"Certainly if someone denies the deity or the humanity of Jesus, or that salvation is found only through Christ, or anything else that is clearly taught in Scripture then that person is being unfaithful to Scripture, even if he or she claims to believe that the Bible is the inerrant Word of God. However, the examples given by Ledbetter do NOT meet this standard because on each of these issues the view that is predominant among Southern Baptists does not rest on clear and unambiguous biblical teaching. These views reflect a specific interpretation of what the Bible says about each subject, but while the Bible is inerrant and infallible, our interpretations are not."

"I believe that there is a new "battle for the Bible" coming to the forefront in the SBC. Whereas during the Conservative Resurgence the battle was over the inspiration and authority of the Bible, the new battle for the Bible is concerned with the sufficiency of Scripture. The key issue for our generation within the SBC is not, "Is the Bible really the Word of God?" but "What does the Bible itself say about [insert topic]?" It is because we acknowledge that the Bible is the Word of God that we examine everything, including issues that Southern Baptists in the past have almost universally agreed upon, in light of what the Bible actually says, and also what it does not say."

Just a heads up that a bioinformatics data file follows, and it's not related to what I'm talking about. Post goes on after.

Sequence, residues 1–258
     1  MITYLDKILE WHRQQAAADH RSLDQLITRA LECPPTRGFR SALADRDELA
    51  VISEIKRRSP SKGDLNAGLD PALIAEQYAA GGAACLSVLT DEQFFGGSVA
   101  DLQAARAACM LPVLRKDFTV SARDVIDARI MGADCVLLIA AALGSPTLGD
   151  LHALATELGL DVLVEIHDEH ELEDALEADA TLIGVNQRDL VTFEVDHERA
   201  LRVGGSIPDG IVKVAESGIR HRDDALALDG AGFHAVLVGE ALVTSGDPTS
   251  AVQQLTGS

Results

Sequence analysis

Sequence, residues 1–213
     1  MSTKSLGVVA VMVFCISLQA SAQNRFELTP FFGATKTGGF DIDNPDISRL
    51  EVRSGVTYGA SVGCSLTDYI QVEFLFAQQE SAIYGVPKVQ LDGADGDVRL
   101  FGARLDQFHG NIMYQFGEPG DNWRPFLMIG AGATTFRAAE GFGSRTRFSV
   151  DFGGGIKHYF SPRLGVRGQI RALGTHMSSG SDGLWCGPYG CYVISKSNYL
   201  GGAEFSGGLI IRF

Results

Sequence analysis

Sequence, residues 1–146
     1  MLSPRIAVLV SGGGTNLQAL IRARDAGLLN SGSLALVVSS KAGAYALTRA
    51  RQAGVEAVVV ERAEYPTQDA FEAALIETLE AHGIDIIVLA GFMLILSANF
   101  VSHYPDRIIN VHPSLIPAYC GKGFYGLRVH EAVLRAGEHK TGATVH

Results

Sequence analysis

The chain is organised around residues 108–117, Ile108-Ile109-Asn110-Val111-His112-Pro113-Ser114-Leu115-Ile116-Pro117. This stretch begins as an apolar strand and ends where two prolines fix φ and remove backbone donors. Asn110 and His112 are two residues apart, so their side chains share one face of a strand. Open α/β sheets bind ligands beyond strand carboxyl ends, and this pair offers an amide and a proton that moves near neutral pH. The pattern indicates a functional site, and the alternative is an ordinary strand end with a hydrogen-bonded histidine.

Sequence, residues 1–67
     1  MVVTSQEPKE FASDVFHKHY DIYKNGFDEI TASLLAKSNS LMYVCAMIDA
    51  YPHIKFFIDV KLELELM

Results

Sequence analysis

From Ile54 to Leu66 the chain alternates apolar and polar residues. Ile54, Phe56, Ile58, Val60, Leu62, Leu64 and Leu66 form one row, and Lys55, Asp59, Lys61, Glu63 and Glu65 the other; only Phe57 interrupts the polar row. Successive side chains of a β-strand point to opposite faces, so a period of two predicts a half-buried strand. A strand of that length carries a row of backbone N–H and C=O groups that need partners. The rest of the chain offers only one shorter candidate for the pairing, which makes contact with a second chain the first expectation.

"This has resulted in some contention within the SBC, as many of us have become convinced that the predominant views on some issues within the SBC are lacking in clear and unambiguous biblical support. This is certainly true for the issues that Ledbetter refers to in his article.Ledbetter and I agree on what needs to happen in our churches if we are to be faithful to Scripture. At the end of his article he says:"A systematic preaching and teaching of the whole Bible will cover everything eventually. It’s not commonly done. It is more loving for us to pass along as much of what God has taught us as possible than it is to teach to perceived needs or trendy subjects. That way our children and our other disciples can learn to love God and his truth in the same way we have.“Inerrancy” is still a good and serviceable term. It’s got to be more than that, though. If it is our conviction regarding the nature of God’s revelation of himself to all men, we’ll do something about that. We’ll learn it, love it more than other competing versions of the truth, and we’ll teach all of it to those who follow us."